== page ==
23. MarkedMan says:


    Cutting him loose is likely cutting losses early and getting ahead of a problem – and would provide cheaply bought moral high ground.

    From your mouth to god’s ear.

  24. MarkedMan says:

    @OzarkHillbilly: I thought of you when I wrote that, but the primary example is a woman who is married to a friend and was best friends with another friend. This latter woman had been her roommate in college and after. Long story short, the fabulist told one set of lies that had her roommate on the verge of breaking up with her boyfriend but when she confronted him he provided incontrovertible evidence that what the liar had claimed had happened 1 hour before could not possibly have happened. She sat down on the sofa and unwound ten years of drama and heinous wrongs… and realized she has never personally witnessed a single one.

    The fabulist seems to be addicted to lying like a drunk to alcohol.

  25. Mu Yixiao says:

    The issue I have is not that he lied (all politicians lie), but rather that he’s so bad at it.

    All the invoices at $199.99? Are you fucking serious?

    A) That should trigger the “structuring” law (which this should legitimately apply to, rather than how it’s actually used).

    B) He should be banned from office for just for being so fucking bad at hiding his graft. If he can’t pass muster on campaign expenses, how the fuck is he going to be able to navigate the intricacies of the federal government?

  26. Mister Bluster says:

    @MarkedMan:..The fabulist seems to be addicted to lying like a drunk to alcohol.

    One of the first things my ex wife told me when we met (Christmas Eve ’94 in a local roadhouse) was about when she was still in high school her and some friends wanted to go to an outdoor rock concert they had heard about. It wasn’t all that far from where she lived but her mom told her that she would have to drive them to the site and check it out. That’s what mom did. Apparently she gave the site a close look when they got there and as she let the girls off she said: “OK girls have a good time.”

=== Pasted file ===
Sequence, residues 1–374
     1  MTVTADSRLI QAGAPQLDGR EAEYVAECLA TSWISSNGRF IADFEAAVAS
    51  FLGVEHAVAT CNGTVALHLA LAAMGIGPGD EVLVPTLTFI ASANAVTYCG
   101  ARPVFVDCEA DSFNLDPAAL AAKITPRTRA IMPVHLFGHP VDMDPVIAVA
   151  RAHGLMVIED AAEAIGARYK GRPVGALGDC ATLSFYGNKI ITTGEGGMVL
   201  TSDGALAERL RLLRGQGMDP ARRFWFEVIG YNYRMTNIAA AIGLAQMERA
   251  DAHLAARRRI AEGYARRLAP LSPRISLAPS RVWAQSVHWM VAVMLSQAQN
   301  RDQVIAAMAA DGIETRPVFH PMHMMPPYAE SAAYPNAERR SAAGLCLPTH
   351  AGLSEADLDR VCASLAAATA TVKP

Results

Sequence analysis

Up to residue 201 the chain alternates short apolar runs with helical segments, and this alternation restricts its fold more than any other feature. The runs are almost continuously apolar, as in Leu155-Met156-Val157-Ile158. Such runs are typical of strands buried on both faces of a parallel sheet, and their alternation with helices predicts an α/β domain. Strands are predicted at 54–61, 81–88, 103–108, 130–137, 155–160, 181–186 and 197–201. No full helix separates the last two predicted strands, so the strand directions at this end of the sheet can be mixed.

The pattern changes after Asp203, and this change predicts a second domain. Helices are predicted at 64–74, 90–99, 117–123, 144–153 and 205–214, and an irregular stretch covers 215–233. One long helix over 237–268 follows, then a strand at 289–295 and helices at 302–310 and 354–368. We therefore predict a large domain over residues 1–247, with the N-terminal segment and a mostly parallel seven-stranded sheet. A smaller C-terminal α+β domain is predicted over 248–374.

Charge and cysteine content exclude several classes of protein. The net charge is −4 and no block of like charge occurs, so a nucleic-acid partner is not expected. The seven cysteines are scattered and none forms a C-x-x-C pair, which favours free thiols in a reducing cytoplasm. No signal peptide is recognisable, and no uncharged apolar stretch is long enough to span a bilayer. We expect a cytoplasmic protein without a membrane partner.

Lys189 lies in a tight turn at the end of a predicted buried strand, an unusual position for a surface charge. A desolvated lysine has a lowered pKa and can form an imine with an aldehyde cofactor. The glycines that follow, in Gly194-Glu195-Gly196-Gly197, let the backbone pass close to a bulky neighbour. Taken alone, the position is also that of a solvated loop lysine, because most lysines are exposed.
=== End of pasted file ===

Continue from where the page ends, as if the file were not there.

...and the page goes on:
It was Woodstock!
    I had no reason to doubt her. When I met her mother at our wedding mom confirmed the story.
    I can’t really say when I realized that my wife was a serial liar but it got to the point where I couldn’t believe anything that she said. I am convinced that her drinking had everything to do with it. Or maybe it was the other way around. I do have it on good authority* that she learned to lie at a very young age. Of course I could not see that early in our relationship as I was drinking regularly too. And love really is blind. As bad as her drinking was, she wrecked the car I bought her three times and was in jail twice the first two years we were together all because of her drinking, I still believe that the lying was worse.

    *A childhood friend of hers who is a Lutheran minister.

  27. Modulo Myself says:

    There’s a deeper mystery going on. Pathological liars don’t often make the jump into the reality they claim is theirs. Santos really reminds me of the guy who faked being a Rockefeller, and who ended conning his way into the Algonquin Club and marrying on his fake name. He pulled it off, just like Santos did, or almost did.

  28. Jax says:

    @One American: You all right, there, bud? Having a stroke? Pretty sure the subject of this post is George Santos. Do you need medical assistance?

  29. Mister Bluster says:

    @Jax:..medical assistance
    He did say his ass fell off…

  30. Monala says:

    @EddieInCA: in other words, where is his birth certificate?